5. Are dialogues important in narrative essays?

Yes. Dialogue, or the words your characters speak, is a powerful tool for characterisation. It can tell your readers a lot about who your characters are, what they're feeling, and even what's going to happen next in your story. How a character talks, including their tone of voice and their style of speech, can give readers clues about their personality.

Here is an example:

The grandmother didn’t want to go to Florida. She wanted to visit some of her connections in east Tennessee and she was seizing at every chance to change Bailey’s mind. Bailey was the son she lived with, her only boy. He was sitting on the edge of his chair at the table, bent over the orange sports section of the Journal. “Now look here, Bailey,” she said, “see here, read this,” and she stood with one hand on her thin hip and the other rattling the newspaper at his bald head. “Here this fellow that calls himself The Misfi t is aloose from the Federal Pen and headed toward Florida and you read here what it says he did to these people. Just you read it. I wouldn’t take my children in any direction with a criminal like that aloose in it. I couldn’t answer to my conscience if I did.” Bailey didn’t look up from his reading so she wheeled around then and faced the children’s mother, a young woman in slacks, whose face was as broad and innocent as a cabbage and was tied around with a green head-kerchief that had two points on the top like rabbit’s ears. She was sitting on the sofa, feeding the baby his apricots out of a jar. “The children have been to Florida before,” the old lady said. “You all ought to take them somewhere else for a change so they would see diff erent parts of the world and be broad. They never have been to east Tennessee.” The children’s mother didn’t seem to hear her but the eight-year-old boy, John Wesley, a stocky child with glasses, said, “If you don’t want to go to Florida, why dontcha stay at home?” He and the little girl, June Star, were reading the funny papers on the fl oor. “She wouldn’t stay at home to be queen for a day,” June Star said without raising her yellow head. “Yes and what would you do if this fellow, Th e Misfi t, caught you?” the grandmother asked. “I’d smack his face,” John Wesley said. “She wouldn’t stay at home for a million bucks,” June Star said. “Afraid she’d miss something. She has to go everywhere we go.” “All right, Miss,” the grandmother said. “Just remember that the next time you want me to curl your hair.” June Star said her hair was naturally curly. From A Good Man Is Hard To Find by Mary Flannery O’Connor.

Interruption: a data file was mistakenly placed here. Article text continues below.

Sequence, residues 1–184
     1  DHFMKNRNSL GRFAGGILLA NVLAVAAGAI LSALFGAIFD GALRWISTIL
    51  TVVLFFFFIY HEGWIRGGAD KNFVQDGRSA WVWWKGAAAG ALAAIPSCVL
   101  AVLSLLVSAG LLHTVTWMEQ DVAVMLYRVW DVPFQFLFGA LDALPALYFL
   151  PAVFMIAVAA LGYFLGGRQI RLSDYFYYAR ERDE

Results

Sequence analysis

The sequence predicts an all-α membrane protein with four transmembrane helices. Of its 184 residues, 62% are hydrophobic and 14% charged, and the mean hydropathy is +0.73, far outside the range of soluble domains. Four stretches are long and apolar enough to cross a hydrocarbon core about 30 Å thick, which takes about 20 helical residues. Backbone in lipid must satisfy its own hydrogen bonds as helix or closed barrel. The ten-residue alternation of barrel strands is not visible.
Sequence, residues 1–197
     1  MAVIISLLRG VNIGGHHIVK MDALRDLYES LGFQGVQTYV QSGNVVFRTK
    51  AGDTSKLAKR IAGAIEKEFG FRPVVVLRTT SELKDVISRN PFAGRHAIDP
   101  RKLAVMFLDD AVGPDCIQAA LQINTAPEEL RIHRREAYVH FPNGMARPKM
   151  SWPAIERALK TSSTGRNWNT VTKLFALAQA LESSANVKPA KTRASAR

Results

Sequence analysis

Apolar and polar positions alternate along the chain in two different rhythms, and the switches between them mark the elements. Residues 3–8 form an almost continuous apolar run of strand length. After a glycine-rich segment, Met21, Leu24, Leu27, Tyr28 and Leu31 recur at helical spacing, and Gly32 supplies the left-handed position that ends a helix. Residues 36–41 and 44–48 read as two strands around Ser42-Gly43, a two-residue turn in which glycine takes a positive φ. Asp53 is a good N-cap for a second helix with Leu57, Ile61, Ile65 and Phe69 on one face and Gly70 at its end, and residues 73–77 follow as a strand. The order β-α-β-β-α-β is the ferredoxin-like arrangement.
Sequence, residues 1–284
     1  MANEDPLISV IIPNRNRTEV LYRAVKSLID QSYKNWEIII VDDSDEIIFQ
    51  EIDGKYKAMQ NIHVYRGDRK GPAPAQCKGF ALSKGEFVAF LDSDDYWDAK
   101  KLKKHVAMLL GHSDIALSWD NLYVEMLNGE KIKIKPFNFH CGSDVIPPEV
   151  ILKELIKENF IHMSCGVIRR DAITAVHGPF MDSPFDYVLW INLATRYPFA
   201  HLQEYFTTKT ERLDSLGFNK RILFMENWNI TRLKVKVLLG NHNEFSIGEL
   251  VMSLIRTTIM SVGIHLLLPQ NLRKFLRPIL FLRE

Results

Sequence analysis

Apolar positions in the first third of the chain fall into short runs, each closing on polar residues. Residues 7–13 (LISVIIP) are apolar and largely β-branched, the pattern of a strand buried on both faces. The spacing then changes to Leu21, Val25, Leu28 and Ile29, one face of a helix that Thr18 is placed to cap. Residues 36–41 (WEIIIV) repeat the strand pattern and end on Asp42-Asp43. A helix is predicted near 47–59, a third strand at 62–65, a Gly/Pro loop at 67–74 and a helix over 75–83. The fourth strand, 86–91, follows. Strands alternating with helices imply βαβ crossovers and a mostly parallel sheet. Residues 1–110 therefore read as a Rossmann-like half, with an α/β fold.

6. How to Paint the Picture with a Good Setting

Every story needs a place where the action happens, and this is what we call the setting. The setting is more than just a backdrop; it shapes the plot and influences how your characters behave. You could be describing a tiny room or a vast landscape - the goal is to create a strong sense of place and mood.

To achieve this: ✅ Use precise adjectives and nouns, and don't forget about sensory details.

✅ Talk about how things look, smell, sound, feel, and even taste. Also, using figures of speech like personification, simile, and metaphor can add depth to your descriptions.